SHRM Book Recommendations Off The Mark

After you read this post…give me your suggestions…

I am not a card-carrying hater of SHRM. I actually defend their purpose and effectiveness more than the average joe.  Especially as a Trench HR pro.  As I was learning and growing in the profession SHRM was a valuable resource for generalists.

But for transformative, strategic HR?…hmmmm

I just got the SHRM recommended books for 2012.  For transformative HR they stink.  Full disclaimer, I haven’t read them.  But the titles tell it all.  I have read several like them so I don’t need to read them. Here they are:

  • Harassment:  Sex, Religion, and Beyond
  • SHRMs 2012 HR Trend Book
  • 2012 State and Federal Employment Law Manuals
  • Tame Your Terrible Office Tyrant
  • 2012 FMLA Tracker Software
  • The HR Answer Book, 2nd Edition
  • The Compensation Handbook, 5th Edition
  • Create your Own Employee Handbook
  • Solving Employee Performance Problems

There were two titles on the list that were intriguing:

  • The Power of Stay Interviews.  Check out these TLNT and HR Capitalist osts to find out why stay interviews are important
  • Tweet this!  Twitter for Business

This book list stinks because they are all manuals.  Boring.  This link stinks because there are no books about Transformative HR; HR that is less about policy and more about engaging a new type of workforce. This link stinks because HR pros will be bored to tears as they read them.  Shoot, HR pros need to be engaged too. This link stinks because HR leaders need some pointers too.  This SHRM list is all for generalists.

 Here are some resources you need to know about to learn about Transformative HR

 This list is just a start…

 I’d love to hear from you what resources you recommend….

Published by

Dawn Hrdlica-Burke

VP People & Culture/ Talent Consulting at Kinetix. Advisor. Speaker. Writer.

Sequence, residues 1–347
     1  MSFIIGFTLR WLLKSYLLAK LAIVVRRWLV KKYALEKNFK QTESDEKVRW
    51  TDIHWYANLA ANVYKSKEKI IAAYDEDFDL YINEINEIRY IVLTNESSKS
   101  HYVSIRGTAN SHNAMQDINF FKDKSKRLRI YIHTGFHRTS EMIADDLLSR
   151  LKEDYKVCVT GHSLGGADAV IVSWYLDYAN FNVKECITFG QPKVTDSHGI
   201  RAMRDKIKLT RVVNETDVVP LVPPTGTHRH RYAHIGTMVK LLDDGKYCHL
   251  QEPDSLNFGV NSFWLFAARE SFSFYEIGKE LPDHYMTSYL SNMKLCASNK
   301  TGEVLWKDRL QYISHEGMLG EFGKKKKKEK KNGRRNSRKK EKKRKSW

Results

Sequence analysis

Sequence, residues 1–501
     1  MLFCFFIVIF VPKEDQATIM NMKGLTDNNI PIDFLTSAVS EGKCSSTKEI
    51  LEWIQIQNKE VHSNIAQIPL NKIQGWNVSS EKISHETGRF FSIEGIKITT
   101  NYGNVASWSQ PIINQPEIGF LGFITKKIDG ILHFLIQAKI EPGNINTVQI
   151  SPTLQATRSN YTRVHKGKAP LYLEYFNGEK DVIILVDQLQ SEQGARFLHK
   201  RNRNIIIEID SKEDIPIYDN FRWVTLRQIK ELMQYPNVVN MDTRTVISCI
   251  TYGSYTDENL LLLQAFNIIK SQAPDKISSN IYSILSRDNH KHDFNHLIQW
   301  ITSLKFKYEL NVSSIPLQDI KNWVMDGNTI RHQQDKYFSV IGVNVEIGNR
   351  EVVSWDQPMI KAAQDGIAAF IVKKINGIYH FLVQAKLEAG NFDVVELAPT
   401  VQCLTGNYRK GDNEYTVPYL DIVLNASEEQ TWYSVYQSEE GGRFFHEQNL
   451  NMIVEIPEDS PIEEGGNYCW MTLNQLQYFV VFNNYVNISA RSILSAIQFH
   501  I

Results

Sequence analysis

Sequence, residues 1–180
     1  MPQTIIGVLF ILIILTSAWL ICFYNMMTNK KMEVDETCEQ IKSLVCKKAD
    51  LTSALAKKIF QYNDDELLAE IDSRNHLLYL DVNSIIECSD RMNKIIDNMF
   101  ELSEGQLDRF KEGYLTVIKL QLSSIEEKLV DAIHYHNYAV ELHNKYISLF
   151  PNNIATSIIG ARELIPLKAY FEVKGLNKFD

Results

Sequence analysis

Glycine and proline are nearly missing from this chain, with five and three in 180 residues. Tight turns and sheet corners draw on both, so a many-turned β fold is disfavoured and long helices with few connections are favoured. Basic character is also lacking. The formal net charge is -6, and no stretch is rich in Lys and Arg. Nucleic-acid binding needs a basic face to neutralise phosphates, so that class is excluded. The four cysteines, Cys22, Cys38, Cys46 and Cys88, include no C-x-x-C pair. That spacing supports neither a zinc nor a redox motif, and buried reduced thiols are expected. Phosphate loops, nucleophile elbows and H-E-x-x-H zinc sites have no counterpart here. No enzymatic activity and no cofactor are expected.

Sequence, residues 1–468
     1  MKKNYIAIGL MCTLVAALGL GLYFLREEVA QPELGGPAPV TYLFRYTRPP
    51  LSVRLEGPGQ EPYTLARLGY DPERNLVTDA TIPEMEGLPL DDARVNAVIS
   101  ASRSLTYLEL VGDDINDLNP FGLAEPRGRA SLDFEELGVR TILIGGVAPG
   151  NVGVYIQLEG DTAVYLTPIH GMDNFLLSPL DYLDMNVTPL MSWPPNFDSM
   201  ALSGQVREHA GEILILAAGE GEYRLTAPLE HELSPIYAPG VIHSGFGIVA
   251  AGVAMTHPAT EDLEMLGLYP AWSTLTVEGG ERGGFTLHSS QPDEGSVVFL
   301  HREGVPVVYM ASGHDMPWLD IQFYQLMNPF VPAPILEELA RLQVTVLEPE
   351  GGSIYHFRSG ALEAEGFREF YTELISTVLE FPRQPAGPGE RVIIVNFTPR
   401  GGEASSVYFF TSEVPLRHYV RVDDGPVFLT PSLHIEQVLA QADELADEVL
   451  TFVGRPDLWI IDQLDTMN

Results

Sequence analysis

20 thoughts on “SHRM Book Recommendations Off The Mark

  1. It would be hard to put a list out that would satisfy ALL HR pros. The quarter of a million SHRM members would be very hard to classify in one catergory. What the bookstore is doing is highlighting the best sellers, most buyers of the SHRM store (on-line) are generalists looking for help in doing their jobs. I do agree that the bookstore needs to carry not-so-traditional books, hell, I’ve been trying to tell them to carry “The No-Asshole Rule” for years.

    Have you discussed this with any of the SHRM Store management? If not, take the time to connect with them to pass along your recommendaitons. You may not get them included but make your voice heard. I know I do. Also, the selection at conferences seems to be better than the “best seller” list.

  2. @akabruno Fab recommendation, I need to check it out.

    @John — good advice. I have not reached out to them. Sounds like a plan. What is interesting is how these are best sellers. Guess we still all have a big job ahead of us to at least get a few non-traditional books on the list.

  3. One of my recent favorites is Blind Spot by Charlie Feld. It isn’t an HR book; its focus is technology-enabled business change. In reading it, I saw a lot of takeaways for transformative HR.

    SHRM doesn’t seem to include business focus as part of its must haves.

  4. Hi Dawn, I have found The No A**hole Rule & Good Boss/Bad Boss both by Robert Sutton to be of immense help. The No A**hole Rule is all about building a jerk-free culture and Good Boss/Bad Boss provides some wonderful (research based) insight into how to be a boss.

  5. Dr. Foster Mobley’s new book “Leadersh*t: Rethinking the True Path to Great Leading” is one of the best leadership books I’ve read in years, and there have been many. Gets at the heart of Leadership which is where HR Leaders need to be.

  6. Thank you for not just posting the list of books that stink but also your recommendations. I love to read and as an almost graduate in HR and Psychology I would prefer not to read manuals as well so I look forward to looking up your suggestions.

    I noticed that you posted about Psychology Today so I just wanted to suggest a book that I have barely even cracked as I just downloaded it to my Kobo but that looks VERY interesting called How We Decide by Jonah Lehrer. It is essentially the neuroscience behind decision making.

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